By Donella Meadows
–November 7, 1996–
Everyone breathes a sigh of relief when an election is over. This year my sigh is more heartfelt than usual. While one presidential contender was ranting about “character” and the other was studiously ignoring the subject, I was teaching an ethics course. The daily contradiction between real ethics and the rhetoric of the politicians was hard to take — especially when I watched the faces of my students.
An ethics class is not a pulpit. I don’t tell the students how to behave; rather I encourage them to discover their own sense of what is right. I present difficult cases of both public and private policy and ask, What would be the moral choice here? Suppose someone wanted to do the right thing? What would that be?
The students find this a weird question. Only twenty years old, they’re already more comfortable asking, what would be the expedient decision here? What is economic? What is politically feasible? What can you get away with? But something in them also appreciates the quest for morality, and they search eagerly for moral answers.
Religious precepts and ethical theories can help, I tell them. They all rest on the simplest of principles: everyone is entitled to equal treatment, equal dignity, respect, compassion. Whether you phrase your guiding principle as “do unto others as you would have others do unto you,” or “do only that which you could recommend that everyone do,” the point is, you don’t get to be an exception. You don’t want to be stolen from, so don’t steal. You don’t want to be hurt, so don’t hurt others. You might want to drive 100 miles per hour or park in a handicapped parking space or cheat on your exam, but if you don’t want everyone to do that, then you shouldn’t.
Students have no trouble deducing specifics from the general law. You don’t want your spouse to commit adultery, and if everyone did, the whole idea of marriage and family would fall apart. So adultery is wrong. You don’t want to work all day for a wage that doesn’t support you and your family. So it’s wrong to pay such a wage to someone else.
Already we’re in trouble with the politicians. The one who fought against raising the minimum wage accuses the one who committed adultery of having a character problem. My students furrow their brows. What does “character” mean?
It means, I think, that one is committed to moral behavior, even in thorny ethical territory. Should we treat future generations with the same respect as present ones? Does compassion extend to beef cattle or redwood trees? What if you have to perpetrate a small bad in order to achieve a large good? Questions like these can keep an ethics course going for a long time — and a person of character praying for guidance.
That’s why humility follows naturally from a commitment to ethics, and hypocrisy doesn’t. If you have torn apart a family, you don’t accuse others of lacking “family values.” If you have taken money from unseemly sources, you admit that and repent and make amends and stop that behavior before you rip into others for doing the same.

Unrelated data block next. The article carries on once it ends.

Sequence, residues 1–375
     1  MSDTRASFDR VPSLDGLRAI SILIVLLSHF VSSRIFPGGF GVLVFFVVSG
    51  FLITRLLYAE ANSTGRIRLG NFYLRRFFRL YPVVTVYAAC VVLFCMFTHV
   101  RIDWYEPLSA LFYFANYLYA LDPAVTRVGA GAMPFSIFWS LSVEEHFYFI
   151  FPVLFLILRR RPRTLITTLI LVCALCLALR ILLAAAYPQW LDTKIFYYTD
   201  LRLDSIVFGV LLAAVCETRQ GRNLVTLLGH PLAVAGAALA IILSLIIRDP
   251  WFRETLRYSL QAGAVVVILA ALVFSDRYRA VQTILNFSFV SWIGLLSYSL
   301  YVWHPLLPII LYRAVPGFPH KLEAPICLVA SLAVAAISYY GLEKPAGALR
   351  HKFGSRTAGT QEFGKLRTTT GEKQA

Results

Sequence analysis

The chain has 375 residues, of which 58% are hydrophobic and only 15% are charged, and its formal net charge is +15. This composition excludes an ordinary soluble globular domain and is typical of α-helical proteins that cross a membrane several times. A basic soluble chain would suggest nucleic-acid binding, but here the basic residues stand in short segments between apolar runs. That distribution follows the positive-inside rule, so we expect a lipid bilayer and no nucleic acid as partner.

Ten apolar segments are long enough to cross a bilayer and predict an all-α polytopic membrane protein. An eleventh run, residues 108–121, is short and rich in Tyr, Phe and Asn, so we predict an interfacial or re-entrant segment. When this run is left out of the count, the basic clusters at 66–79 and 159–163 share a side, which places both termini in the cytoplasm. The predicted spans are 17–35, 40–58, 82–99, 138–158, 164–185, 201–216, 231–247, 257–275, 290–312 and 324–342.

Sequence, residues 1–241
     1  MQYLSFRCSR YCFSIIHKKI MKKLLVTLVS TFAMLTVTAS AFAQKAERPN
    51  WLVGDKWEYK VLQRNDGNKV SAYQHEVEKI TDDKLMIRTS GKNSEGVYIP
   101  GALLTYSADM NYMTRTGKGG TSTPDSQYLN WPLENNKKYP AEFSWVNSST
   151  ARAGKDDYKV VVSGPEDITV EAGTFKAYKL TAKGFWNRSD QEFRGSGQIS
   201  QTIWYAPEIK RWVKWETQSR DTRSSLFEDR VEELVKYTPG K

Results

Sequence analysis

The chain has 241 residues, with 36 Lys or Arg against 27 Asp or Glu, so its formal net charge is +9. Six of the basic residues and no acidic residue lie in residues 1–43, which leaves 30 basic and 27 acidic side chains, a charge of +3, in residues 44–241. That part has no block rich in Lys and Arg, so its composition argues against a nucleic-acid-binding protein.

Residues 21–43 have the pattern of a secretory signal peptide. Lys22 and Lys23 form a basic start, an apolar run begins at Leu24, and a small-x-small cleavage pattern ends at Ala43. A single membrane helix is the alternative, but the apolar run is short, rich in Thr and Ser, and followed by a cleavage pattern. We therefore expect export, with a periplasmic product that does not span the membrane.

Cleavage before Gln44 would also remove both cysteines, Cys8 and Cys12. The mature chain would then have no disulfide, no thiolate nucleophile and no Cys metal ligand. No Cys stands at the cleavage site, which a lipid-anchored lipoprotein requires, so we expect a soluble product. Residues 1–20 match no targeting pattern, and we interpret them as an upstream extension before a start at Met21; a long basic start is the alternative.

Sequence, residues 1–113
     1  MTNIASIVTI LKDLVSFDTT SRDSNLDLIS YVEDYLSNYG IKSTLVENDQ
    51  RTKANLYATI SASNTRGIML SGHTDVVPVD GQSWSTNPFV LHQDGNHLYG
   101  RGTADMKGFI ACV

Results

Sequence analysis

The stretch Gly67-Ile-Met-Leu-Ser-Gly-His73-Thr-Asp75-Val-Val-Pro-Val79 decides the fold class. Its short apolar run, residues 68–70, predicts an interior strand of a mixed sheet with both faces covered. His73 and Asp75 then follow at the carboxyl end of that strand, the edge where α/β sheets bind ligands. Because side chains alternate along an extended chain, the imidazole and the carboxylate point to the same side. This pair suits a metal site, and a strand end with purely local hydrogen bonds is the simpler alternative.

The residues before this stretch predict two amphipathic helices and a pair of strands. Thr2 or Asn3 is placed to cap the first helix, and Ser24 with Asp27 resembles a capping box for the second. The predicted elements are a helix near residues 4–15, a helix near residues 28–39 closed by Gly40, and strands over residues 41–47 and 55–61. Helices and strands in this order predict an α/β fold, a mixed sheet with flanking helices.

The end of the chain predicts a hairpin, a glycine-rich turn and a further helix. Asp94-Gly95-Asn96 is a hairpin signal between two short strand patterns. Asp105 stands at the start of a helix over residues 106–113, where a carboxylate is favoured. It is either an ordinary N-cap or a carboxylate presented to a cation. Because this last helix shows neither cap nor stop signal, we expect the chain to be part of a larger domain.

When the pundits try to explain why fewer than half the eligible voters bother to cast a ballot, they rarely suggest moral disgust. Maybe pundits don’t think the public has much moral sense. Political handlers clearly don’t think so.
I think they’re wrong. I think the lack of voting, the flip-flops from one party to another, the low political enthusiasm, stem from thoroughgoing ethical revulsion. The public concept of morality may be as rough and ready as that of my students, but it is bang-on accurate. We know we’re watching pots and kettles calling each other black. Some of our leaders do manage to hang onto shreds of their character, but the longer they stay and the higher they rise, the more morally battered they get.
Neither presidential candidate was willing to question the accumulation of massive deadly force at enormous expense to taxpayers for no clear purpose. One of them accused the other of minor infractions in one outpost of the Savings and Loans disaster, but neither acknowledged the role of both parties in the bilking of the public trust in order to enrich a small number of greedy people. While the public was discussing the evidence that government planes were used to smuggle drugs to earn money to fight an unconstitutional war in Central America that destroyed whole villages of innocent people, neither candidate mentioned the issue. (Either high government officials knew about that smuggling, or they didn’t. Which is worse?)
Meanwhile my students struggle to define what is right. Actually, they know. The forests of the earth, they conclude, were not created for the short-term enrichment of large companies. It is not right to walk away from the poor. It’s wrong to take money from the rich and powerful — whether a foreign investment firm, a tobacco company, a weapons maker or a Midwest commodities purveyor — in order to gain power.
The students struggle, not to see what’s right, but to say it out loud, because it seems so irrelevant. They look at what’s right, and they look at what’s done, and — well, you should see their faces.
Twenty years old, and they’re cynics already. We shouldn’t do that to young people.
Copyright Sustainability Institute 1996